Some of you may not have the need, but I will show the rest of you how to subnet a network in this section.
RFC 950 (Request for Comments) defined a standard to divide network classes A, B, C, into smaller pieces, known as subnetting. Believe it or not, subnetting was used to overcome the problem that the Internet faced with the growth problem.
Subnetting allowed a three level hierarchy by introducing the subnet number. It was accomplished by dividing the host number into two parts.
As far as the Internet is concerned, the data goes through the router; and the router looks up in its entry to find out if there is a subnet number defined. If yes, the data is sent directly to the host number and doesn't really care where the host is, since it is in the same network prefix. (And by the way the subnet number is not visible outside the internal LAN.)
But how exactly is the data handled? When data is requested from an internal LAN to the Internet, it passes through the router encapsulated with an ID number that identifies itself from where the data was requested. The remote server then returns the requested information to the router. The router then acknowledges that host X requested the information. The router verifies in its entry to find out in which subnet host X is located. If the subnet is verified positive, the information then is routed to the destination host “X”.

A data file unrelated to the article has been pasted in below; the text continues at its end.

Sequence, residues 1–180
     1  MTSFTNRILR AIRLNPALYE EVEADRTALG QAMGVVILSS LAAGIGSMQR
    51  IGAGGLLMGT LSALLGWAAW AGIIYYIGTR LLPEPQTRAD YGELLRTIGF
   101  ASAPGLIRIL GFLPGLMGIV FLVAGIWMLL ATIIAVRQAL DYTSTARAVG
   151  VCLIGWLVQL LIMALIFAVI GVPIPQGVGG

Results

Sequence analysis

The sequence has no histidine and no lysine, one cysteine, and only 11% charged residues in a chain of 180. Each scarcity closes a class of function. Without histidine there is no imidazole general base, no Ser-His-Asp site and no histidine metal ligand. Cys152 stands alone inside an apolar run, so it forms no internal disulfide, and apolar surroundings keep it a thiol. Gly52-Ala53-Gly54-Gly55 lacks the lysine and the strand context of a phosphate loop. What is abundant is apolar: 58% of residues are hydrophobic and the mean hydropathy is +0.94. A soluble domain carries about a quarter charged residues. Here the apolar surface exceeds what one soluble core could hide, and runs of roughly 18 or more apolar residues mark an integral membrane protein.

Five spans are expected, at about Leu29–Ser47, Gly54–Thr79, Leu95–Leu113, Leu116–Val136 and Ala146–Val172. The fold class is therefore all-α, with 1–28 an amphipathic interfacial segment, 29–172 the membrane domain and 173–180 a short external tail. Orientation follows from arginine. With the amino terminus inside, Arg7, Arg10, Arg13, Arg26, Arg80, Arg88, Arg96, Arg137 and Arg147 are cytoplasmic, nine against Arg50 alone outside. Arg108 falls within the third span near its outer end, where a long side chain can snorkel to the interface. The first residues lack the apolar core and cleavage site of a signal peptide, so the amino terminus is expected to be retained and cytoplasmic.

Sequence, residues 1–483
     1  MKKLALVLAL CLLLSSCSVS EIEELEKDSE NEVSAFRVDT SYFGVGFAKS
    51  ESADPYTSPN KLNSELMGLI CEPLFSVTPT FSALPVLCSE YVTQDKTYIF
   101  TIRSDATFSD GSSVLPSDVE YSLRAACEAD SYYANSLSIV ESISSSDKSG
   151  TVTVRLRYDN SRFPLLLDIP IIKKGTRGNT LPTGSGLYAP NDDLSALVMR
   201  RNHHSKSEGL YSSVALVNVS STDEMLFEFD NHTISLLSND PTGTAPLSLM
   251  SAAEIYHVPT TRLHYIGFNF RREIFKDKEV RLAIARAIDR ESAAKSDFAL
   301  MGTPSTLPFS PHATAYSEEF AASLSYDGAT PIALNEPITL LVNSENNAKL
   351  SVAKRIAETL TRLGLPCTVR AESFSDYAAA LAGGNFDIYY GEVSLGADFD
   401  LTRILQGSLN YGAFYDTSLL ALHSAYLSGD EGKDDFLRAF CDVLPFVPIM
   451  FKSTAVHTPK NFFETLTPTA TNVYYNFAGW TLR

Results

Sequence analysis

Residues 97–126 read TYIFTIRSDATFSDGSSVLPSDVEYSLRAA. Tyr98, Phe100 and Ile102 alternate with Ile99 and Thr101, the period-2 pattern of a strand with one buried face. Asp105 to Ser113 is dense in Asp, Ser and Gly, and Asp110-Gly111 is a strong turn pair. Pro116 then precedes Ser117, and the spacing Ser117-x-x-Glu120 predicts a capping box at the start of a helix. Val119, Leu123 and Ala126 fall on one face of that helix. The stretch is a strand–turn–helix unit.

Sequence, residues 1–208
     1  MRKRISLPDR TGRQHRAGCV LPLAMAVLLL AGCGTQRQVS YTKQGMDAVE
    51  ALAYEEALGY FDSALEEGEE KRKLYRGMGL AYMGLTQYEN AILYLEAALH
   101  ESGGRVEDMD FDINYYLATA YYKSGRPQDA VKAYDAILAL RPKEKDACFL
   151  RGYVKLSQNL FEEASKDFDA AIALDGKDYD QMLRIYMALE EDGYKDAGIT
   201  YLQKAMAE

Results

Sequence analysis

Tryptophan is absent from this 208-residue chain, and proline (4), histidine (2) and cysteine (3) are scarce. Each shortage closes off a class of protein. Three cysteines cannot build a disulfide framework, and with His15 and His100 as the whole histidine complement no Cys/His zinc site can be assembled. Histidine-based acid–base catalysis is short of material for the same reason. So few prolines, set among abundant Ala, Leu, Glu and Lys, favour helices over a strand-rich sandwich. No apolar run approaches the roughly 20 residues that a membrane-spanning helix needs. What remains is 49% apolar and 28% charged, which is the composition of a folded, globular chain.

The internal network can have a very high complexity, but only the router knows it.
Observe Fig. 8.6, with a single router = gateway and a single IP address. A system administrator can route several networks to the Internet, without affecting the growth of the Internet. All internal networks can access the Internet as long as the router is active.